CAIR: Politics and Distress as Muslims Mark Il ad-Adha


ALGIERS: It was a typical holiday of Id-al-Adha, the biggest Muslim holiday of the year. Two men in paper overalls placed the struggling sheep in the direction of Mecca before taking a shiny blade to its throat and unleashing a fountain of warm blood that quickly filled the floor of the small cement courtyard.
Half a dozen small children watched, mesmerized, as the annual ritual took its surprisingly soundless course. Other things were perfectly ordinary, too: the fragrant smell of charred bone lingering in the deserted streets, the special prayers echoing off the city's bleached walls.
Yet in Algiers at least, politics seemed to infuse the event in new ways. "Since terrorists started slaughtering people, I can't watch the slaughter of the sheep anymore," said Soumaya Laggoune, a 43-year-old surgeon, who prepared vegetables and traditional sweets indoors with her sister while the men proceeded to skin and gut the lifeless animal outside. "These days, death and sacrifice have a different meaning."
There is much death to brood over. Freshest on people's minds were the two suicide attacks of last week that killed dozens of people in the capital. But this Id is also the first since the execution of Saddam Hussein in Iraq. On the first day of Id last year, people recalled with bitterness, the Iraqi dictator was executed, an event shown on television.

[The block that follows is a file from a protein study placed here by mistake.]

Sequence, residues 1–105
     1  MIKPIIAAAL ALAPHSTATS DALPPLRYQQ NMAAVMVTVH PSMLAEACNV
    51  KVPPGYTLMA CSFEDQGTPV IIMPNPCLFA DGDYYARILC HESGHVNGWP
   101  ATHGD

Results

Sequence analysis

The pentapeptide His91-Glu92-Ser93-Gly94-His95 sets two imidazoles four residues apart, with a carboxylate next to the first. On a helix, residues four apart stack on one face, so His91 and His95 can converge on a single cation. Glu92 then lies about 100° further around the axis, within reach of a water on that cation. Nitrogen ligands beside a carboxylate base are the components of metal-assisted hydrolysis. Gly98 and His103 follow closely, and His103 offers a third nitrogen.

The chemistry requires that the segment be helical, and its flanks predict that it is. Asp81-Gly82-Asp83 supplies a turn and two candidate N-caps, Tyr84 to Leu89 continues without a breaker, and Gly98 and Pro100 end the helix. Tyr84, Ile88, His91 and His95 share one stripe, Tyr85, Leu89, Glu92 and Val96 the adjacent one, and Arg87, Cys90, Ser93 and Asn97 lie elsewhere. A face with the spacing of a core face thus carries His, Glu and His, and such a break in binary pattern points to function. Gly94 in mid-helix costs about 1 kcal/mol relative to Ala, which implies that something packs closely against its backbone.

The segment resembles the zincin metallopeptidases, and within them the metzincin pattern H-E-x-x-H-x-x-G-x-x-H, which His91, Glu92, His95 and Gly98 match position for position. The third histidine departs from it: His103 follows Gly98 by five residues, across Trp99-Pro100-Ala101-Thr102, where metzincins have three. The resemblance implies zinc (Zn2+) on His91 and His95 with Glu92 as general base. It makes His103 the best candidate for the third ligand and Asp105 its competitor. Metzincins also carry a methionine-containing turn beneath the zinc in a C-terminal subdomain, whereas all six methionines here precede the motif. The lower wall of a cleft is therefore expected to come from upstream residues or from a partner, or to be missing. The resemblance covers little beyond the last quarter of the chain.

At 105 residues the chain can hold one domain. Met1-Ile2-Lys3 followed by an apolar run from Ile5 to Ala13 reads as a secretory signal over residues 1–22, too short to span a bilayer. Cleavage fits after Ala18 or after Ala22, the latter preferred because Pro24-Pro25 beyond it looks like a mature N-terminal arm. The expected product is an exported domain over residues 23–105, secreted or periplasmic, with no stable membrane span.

"That was an insult for the entire Muslim world," said Naima, a resident of Hydra, the neighborhood where one of the attacks occurred. "None of us like Saddam Hussein, that's not the point. But to execute him on our holy day of sacrifice was a slap in the face of all Muslims. And nobody here believes it was a coincidence."
"That sort of thing is feeding terrorism, feeding the sense in the Muslim world that the Islamists are the only ones defending us," her brother Soufian said. With the death of Saddam, many Algerians said they waited a day to slaughter the sheep.
Other grievances seem now to be attached to the joyous holiday, including memories of the brutal civil war that killed 200,000 people in the 1990s - the "black decade" people call it - the war in Iraq, the Israeli-Palestinian conflict.
The distress expressed here is not limited to Muslims in Muslim nations. In the United States, "many Muslims are wary of the increasing anti-Muslim bigotry in this country," said Ahmed Rehab, executive director of the Council on American Islamic relations, by telephone from Chicago.
According to Islamic tradition, every Muslim who has the means must sacrifice a healthy animal to honor God and share the meat with the needy once a year. The holiday of Id commemorates the willingness of the prophet Abraham to sacrifice his son Ishmael to God as proof of his unconditional love and belief; it is a tale also honored by Jews and Christians, although in their teachings it was Abraham's youngest son Isaac who was concerned.
According to all three religions, when God was satisfied that Abraham had passed the test, he sent him a lamb to sacrifice instead. Every Muslim who has the means must sacrifice a healthy animal to honor God and share the meat with the needy once a year.
In Laggoune's courtyard, Soumaya's father sliced both main arteries and the trachea of the sheep in one clean cut to minimize the suffering of the animal. As the blood drained from its body and wild spasms moved its legs for one last minute, he said a prayer.

 


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